Use the standard `vector` template, and make a `vector` of
`vector`.

The following uses a `std::vector<std::vector<T> >` (note the space between the
two `>` symbols).

#include <vector>
template<typename T> // *See section on templates for more*
class Matrix {
public:
Matrix(unsigned nrows, unsigned ncols);
// *Throws a *`BadSize` object if either size is zero
class BadSize { };
// *No need for any of The Big Three!*
// *Access methods to get the *`(i,j)` element:
T& operator() (unsigned i, unsigned j); *← subscript operators often come in pairs*
T const& operator() (unsigned i, unsigned j) const; *← subscript operators often come in pairs*
// *These throw a *`BoundsViolation` object if `i` or `j` is too big
class BoundsViolation { };
unsigned nrows() const; // *#rows in this matrix*
unsigned ncols() const; // *#columns in this matrix*
private:
std::vector<std::vector<T> > data_;
};
template<typename T>
inline unsigned Matrix<T>::nrows() const
{ return data_.size(); }
template<typename T>
inline unsigned Matrix<T>::ncols() const
{ return data_[0].size(); }
template<typename T>
inline T& Matrix<T>::operator() (unsigned row, unsigned col)
{
if (row >= nrows() || col >= ncols()) throw BoundsViolation();
return data_[row][col];
}
template<typename T>
inline T const& Matrix<T>::operator() (unsigned row, unsigned col) const
{
if (row >= nrows() || col >= ncols()) throw BoundsViolation();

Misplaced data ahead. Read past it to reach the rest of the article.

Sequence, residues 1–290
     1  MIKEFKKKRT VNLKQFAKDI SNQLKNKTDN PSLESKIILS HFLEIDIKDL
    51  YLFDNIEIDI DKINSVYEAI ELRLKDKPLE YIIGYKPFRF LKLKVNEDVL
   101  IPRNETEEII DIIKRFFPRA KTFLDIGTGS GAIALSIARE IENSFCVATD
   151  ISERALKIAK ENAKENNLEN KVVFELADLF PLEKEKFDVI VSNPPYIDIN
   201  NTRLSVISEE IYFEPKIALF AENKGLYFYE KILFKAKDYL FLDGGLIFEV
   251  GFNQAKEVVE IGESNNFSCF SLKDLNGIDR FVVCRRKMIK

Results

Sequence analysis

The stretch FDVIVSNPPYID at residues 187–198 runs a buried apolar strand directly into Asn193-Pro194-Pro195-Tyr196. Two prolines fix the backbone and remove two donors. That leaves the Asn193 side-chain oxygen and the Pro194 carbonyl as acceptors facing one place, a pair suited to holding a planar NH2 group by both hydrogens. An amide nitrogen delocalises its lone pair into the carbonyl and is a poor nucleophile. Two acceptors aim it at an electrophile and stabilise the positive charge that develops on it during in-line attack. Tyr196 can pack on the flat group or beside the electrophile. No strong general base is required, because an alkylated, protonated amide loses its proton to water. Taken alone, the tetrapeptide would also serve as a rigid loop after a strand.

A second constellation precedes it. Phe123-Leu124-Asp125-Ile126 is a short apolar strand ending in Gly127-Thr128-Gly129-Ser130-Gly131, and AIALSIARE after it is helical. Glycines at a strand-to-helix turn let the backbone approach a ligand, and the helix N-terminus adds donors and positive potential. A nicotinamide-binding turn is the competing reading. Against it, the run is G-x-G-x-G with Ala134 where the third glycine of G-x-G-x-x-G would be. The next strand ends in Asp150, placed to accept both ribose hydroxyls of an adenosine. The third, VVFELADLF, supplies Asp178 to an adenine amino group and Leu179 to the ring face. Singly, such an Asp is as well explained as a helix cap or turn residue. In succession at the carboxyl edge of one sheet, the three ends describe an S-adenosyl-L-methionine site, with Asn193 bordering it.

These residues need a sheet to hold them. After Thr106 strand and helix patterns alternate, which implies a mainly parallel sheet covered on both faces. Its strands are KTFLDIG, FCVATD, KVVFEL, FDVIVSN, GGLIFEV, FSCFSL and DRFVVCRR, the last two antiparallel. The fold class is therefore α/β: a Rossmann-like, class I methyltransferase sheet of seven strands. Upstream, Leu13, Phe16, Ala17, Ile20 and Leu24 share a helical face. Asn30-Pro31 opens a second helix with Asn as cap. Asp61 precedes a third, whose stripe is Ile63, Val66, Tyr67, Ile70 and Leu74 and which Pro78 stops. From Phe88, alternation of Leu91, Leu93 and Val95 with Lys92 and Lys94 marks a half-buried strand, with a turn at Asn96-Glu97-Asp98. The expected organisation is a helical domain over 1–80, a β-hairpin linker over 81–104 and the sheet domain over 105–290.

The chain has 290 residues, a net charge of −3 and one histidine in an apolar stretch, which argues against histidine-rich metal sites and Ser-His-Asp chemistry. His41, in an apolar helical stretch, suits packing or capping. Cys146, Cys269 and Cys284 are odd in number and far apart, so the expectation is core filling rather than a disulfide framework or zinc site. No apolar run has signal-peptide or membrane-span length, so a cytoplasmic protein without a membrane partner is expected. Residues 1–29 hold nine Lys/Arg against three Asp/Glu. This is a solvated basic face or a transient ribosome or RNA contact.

return data_[row][col];
}
template<typename T>
Matrix<T>::Matrix(unsigned nrows, unsigned ncols)
: data_ (nrows)
{
if (nrows == 0 || ncols == 0)
throw BadSize();
for (unsigned i = 0; i < nrows; ++i)
data_[i].resize(ncols);
}

Note how much simpler this is than

the previous:
there is no explicit

`new` in the constructor, and there is no need for
any of

The Big Three (destructor, copy constructor
or assignment operator). Simply put, your code is a

*lot* less likely
to have memory leaks if you use

`std::vector` than if you use explicit

`new T[n]` and

`delete[] p`.

Note also that `std::vector` doesn't force you to allocate numerous
chunks of memory. If you prefer to allocate only one chunk of memory for the
entire matrix, as was done in the previous, just
change the type of `data_` to `std::vector<T>` and add member
variables `nrows_` and `ncols_`. You'll figure out the rest:
initialize `data_` using `data_(nrows * ncols)`, change
`operator()()` to `return data_[row*ncols_ + col];`, etc.